Pico Mountain Ski Area is in the town of Killington, VT. Established in 1937, it was one of the first commercial ski areas in the state. The base area is located on the northwest side of Pico Peak on Route 4, nine miles north of the town of Rutland, Vermont. In 1996 Pico Peak was acquired by Killington and in 2007 the mountain went to part-time operations (Thursday-Sunday).
Pico is often thought of as a smaller sibling to Killington, and given the size of the big mountain, that’s not an unreasonable assumption. But Pico has a 3900 foot summit that would be the second tallest lift served mountain in New York.
Pico also contains a freestyle terrain park, Triple Slope, which contains small and medium size features.
The Pico Mountain trail map has 57 trails covering 20 miles and 7 lifts with a vertical drop of 1,967 feet. Annual snowfall is listed as 250 inches, the same advertised total as Killington. The mountain is divided into six lift pods.
The Bonanza Double Chair
This little chair lift is the perfect place to go for a beginner on their first chairlift ride. This pod has 100 feet of vertical drop with has two private runs down the hill called Bonanza 1 and 2.
The Golden Express
The trails from the top of the Golden Express cater to families with beginner and intermediate riders. This chair was built for the 50th anniversary of Pico and is their detachable quad serving the lower mountain. All trails lead back to the base of the Golden Express. The wide trails and gentle terrain help new skiers build confidence who’ve graduated from the Bonanza area.
Little Pico Triple
Little Pico has some of the mountain’s toughest terrain. Advanced skiers will not want to miss skiing A slope, one of the steepest pitches at Pico, and on a powder day is a dream to ski. There are also a number of glades and very narrow trails not obvious on the map between C and B Slope.
There are less aggressive options in this pod including a calm and winding trail called “Bushwacker.” Don’t forget to ski the B-slope cutoff which is a great trail to try after you finish all the terrain the Golden Express has to offer.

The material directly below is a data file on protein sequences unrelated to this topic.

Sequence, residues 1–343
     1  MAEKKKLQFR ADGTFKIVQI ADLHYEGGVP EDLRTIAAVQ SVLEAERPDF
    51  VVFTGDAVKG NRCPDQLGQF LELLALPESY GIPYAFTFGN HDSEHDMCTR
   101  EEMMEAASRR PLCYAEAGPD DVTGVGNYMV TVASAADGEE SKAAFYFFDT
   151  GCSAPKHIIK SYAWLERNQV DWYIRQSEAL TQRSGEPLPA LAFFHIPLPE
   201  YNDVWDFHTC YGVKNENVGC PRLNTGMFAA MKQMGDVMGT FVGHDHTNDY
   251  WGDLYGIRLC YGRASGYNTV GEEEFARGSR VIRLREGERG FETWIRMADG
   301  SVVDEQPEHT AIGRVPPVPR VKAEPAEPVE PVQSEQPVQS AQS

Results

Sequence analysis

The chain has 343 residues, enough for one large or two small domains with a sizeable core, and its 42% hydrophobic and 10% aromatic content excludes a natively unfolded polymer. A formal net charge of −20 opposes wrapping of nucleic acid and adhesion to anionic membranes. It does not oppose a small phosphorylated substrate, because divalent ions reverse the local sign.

Summit Express Quad
The Summit Express — which loads at mid-mountain — serves trails which run from the peak of the mountain and are generally steeper, expert terrain. At over a mile long, Pike is the longest trail that goes all the way from the summit to the base lodge. The views from the top are incredible.
If you love glades you are going to love the Summit Express area. With five black diamond glades, all five have unique traits that make them special. Upper Pike and Upper KA have incredibly beautiful and sometimes tight pine trees. Birch Woods has a more gentle mixed and spread out forest. There is even an intermediate glade called “Mid-Pike Glade” that is a great introduction to glad skiing for first-timers who are confident in blue terrain. Sunset Woods is a favorite, not because it is the hardest, but because it is the least skied and one of the longest. It’s beautiful and you’ll feel a million miles away from everything when you ski these trees.
The steepest and most sustained steeps are undisputedly Upper Giant Killer. On a powder day it’s glorious. There’s a long runout, but it is worth every second, especially if you opt to take the “Poma Woods.” When you ski by the old poma station that went up the incredibly steep terrain you will want to take a photo by this amazing piece of history. The glade has a trail going through it that is maybe 10 feet wide and a lot of fun since it bumps up is the second most gentle glade after the “Mid Pike Glades”
Skiing the all natural and ungroomed “Summit Glades” is an experience all in its own. Some of the best and biggest bumps with lots of islands of trees these two parallel trails are a dream for skiers who loves moguls. They feel like they go on forever and end in a beautiful runout that most skiers never touch.
You want to do the ultimate groomer? Go top of Upper Pike and take it all the way to the base lodge. The 2000 vertical foot nonstop journey is the best way to end any ski day.
Pico’s Outpost relies primarily on natural snow and is served by the Outpost Double, Pico’s oldest lift. This area has seen less use in recent years. The Outpost Chair was built for expert skiers, and while it is only 500 vertical feet, it has a fantastically consistent pitch all the way to the bottom. With four trails and two glades, you can spend all day on this one double chair, and some skiers never want to leave. It is one of the best powder day pods anywhere and skiing under the low double chair or in the nearby woods is always a thrill showing off to those on the lift.
Snowmaking Upgrades at Pico
In the past, Pico has always been hampered by their water imitations. In 2019, a new 16,850 foot pipeline was installed to connect Pico to Killington’s significant water source. This investment doubles Picos snowmaking capacity helping the mountain open earlier and with more capacity for the critical Christmas vacation week. In addition, 9,418 feet of trail side pipeline and a new pump were installed. The $2.1 million dollar price tag was the largest investment in Pico in over 20 years and shows that their owner Powdr Corp sees the value Pico brings to their portfolio.
Pico Mountain Trail Map
Pico Mountain Vertical Drop and Stats
|Base Elevation||2,000 feet|
|Vertical Drop||1,967 feet|
|# Trails||57 trails|
|Trail Miles||20 miles|
|Longest Run||21,120 feet|
|Skiable Area||468 acres|
|# Lifts||7 lifts|
|Uphill Capacity||10,650 / hour||Annual Snowfall†||250 inches|
|10 Year Avg*||111 inches|
|10 Year High**||168 inches|
Pico Ski Day Essentials
|Address 1||73 Alpine Drive|
|Address 2||Mendon, VT 05701|
|Wx Page||NWS ALY|
|Point Forecast||NWS Pico Mtn|
|Health and Safety||Operational Update|